Christie’s duels with her readers were in keeping with the times – this was the age of “game fever”, when crossword puzzles were invented, and became massively popular. After all the bloodshed during the war, readers (and authors) wanted to escape. That is why Christie and her contemporaries refused to wallow in gore – they had had their fill of it in real life. Everyone knew someone who had been injured or killed, and several war-wounded former soldiers turned to writing detective fiction in peacetime. Wade was one, Milward Kennedy and John Rhode were among the others.

Anthony Berkeley, who was gassed by the German military, and suffered ill-health for the rest of his life as a result, was the most brilliant of Christie’s contemporaries. She described him in her private notebook as a “fantastic” writer. A clever, but difficult man, he wrote ingenious mysteries such as The Poisoned Chocolates Case, in which he came up with no fewer than half a dozen solutions to a murder puzzle.

Not content with that, he adopted the name Francis Iles for a trio of ground-breaking novels of psychological suspense, starting with Malice Aforethought. This classic crime novel, with its focus on the mind-set of a murderer, set the genre in a new direction. Berkeley, like many of his Detection Club colleagues, was obsessively intrigued by real life murder cases, and their fascination with morbid psychology was often reflected in their work.

After the Second World War, a new generation of writers such as Patricia Highsmith, Margaret Millar, Ruth Rendell, and recently Sophie Hannah, would explore criminal psychology with skill and insight, but it is a shame that Berkeley’s pioneering work is frequently overlooked.

In 1930, Berkeley founded the Detection Club. This was a small dining club, which was very choosy about its membership. Berkeley, like his friend Dorothy L. Sayers, fervently believed that crime fiction ought to be well-written and ambitious, and they practised what they preached. Christie, Crofts, and Wade were among the founder members, and soon the Club became a by-word for excellence in crime writing. It also functioned as a support network for its writers. Christie, Berkeley, and Sayers had all suffered personal crises in the late Twenties. For them, Detection Club meetings were more than just enjoyable social occasions. They were a lifeline.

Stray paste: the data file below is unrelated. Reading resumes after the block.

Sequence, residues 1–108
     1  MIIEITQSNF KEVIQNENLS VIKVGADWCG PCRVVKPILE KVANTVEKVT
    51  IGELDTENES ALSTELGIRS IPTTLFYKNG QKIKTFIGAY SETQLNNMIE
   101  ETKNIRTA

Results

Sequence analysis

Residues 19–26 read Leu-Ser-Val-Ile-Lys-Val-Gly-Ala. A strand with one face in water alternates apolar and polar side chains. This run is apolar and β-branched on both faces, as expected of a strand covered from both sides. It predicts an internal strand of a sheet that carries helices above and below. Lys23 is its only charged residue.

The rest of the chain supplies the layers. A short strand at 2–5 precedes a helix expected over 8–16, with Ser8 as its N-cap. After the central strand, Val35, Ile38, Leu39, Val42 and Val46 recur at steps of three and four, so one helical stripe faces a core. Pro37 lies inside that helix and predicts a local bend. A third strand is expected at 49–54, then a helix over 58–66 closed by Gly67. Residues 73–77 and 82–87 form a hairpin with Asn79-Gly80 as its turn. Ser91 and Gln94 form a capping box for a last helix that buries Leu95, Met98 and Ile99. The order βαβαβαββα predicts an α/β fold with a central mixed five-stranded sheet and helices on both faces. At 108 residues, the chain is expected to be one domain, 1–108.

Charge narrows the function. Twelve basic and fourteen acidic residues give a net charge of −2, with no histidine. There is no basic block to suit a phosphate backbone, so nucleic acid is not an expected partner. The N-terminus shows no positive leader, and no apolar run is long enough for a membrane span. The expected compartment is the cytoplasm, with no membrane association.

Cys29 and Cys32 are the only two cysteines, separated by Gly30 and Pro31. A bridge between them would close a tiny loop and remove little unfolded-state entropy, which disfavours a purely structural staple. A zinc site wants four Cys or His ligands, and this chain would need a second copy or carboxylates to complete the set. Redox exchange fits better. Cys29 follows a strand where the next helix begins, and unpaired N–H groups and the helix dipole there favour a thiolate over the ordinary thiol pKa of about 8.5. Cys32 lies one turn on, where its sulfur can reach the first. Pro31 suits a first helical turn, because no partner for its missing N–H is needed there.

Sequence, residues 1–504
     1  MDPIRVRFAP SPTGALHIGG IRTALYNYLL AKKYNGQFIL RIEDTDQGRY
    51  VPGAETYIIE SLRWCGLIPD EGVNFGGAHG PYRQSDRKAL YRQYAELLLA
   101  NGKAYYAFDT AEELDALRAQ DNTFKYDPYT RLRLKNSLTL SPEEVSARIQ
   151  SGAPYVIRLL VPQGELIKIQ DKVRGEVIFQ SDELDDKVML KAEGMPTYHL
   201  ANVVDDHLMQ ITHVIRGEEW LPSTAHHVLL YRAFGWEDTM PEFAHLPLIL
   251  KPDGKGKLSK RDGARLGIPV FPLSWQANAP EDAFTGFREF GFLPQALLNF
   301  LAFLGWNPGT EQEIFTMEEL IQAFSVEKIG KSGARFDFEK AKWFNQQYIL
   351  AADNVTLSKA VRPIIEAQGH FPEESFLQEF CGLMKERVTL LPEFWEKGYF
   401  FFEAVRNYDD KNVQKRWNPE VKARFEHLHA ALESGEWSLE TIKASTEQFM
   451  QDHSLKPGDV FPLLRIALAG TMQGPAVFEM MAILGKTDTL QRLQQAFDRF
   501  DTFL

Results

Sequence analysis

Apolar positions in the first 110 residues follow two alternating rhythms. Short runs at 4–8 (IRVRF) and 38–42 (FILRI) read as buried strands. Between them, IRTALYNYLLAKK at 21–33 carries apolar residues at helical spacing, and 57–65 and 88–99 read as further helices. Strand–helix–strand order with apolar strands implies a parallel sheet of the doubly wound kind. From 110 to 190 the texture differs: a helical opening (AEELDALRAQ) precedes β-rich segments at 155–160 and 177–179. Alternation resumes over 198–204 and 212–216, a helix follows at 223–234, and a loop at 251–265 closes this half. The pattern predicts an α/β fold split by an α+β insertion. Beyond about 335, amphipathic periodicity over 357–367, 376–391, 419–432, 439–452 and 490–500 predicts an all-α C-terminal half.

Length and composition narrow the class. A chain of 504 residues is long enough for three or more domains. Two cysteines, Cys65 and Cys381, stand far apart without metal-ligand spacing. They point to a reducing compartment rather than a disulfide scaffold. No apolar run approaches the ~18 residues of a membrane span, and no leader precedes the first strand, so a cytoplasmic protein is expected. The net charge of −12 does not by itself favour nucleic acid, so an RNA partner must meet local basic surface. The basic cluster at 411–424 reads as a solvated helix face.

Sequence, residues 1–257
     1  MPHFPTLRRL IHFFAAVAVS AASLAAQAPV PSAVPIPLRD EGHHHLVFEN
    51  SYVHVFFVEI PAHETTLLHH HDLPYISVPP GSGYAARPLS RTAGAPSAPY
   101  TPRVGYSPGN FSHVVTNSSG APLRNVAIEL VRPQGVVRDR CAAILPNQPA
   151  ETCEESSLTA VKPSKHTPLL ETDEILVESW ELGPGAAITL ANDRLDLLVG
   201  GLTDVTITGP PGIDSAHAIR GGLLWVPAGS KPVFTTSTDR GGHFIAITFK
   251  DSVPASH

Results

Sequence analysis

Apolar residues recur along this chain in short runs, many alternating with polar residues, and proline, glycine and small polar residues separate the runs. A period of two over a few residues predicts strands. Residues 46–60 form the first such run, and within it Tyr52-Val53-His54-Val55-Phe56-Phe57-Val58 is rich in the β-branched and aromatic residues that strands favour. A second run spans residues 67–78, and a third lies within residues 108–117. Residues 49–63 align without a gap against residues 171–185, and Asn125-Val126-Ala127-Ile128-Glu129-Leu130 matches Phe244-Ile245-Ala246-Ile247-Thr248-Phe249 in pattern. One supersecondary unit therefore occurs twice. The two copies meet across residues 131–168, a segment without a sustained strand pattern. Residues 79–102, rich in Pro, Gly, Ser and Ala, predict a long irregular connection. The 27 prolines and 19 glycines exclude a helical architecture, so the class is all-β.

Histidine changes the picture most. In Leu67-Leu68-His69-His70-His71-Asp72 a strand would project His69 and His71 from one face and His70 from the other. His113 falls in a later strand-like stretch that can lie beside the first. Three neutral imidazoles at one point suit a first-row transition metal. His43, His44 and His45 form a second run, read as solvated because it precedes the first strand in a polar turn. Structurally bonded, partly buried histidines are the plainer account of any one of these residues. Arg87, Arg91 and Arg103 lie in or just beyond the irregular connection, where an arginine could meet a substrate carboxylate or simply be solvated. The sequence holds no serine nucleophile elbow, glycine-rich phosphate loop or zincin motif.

Detection Club members made a lasting contribution to the genre. Sayers, for instance, strove to turn the detective story into the “novel of manners”, and books like The Nine Tailors and Gaudy Night continue to attract devotees, and to influence present day authors. J. K. Rowling is a Sayers fan, and there are hints of Sayers’ influence in her splendid detective novels written as Robert Galbraith.

In the United States, there was no equivalent to the Detection Club, and Howard Haycraft, who wrote a notable early history of the genre, regarded the Club as “one inestimable advantage denied to their American brethren”. An air of mystery has always clung to the Detection Club, and there was even uncertainty for many years as to when exactly it came into existence. The members were jealous of their personal privacy, often refusing to allow their publishers to release biographical information about them. Berkeley refused to allow his photograph to appear on his books. He was one of several members who had good cause to keep his private life secret.

Golden Age novels reflected the times during which they were written. Inevitably, many of the attitudes on display are different from those of the twenty-first century. But for too long, even the best of these books have suffered unfairly from critical prejudice. Hugely enjoyable in their own right, they give a fascinating insight into a vanished world. What is more, they set the pattern for crime fiction for decades to come. The time is ripe to rediscover the Golden Age of Murder.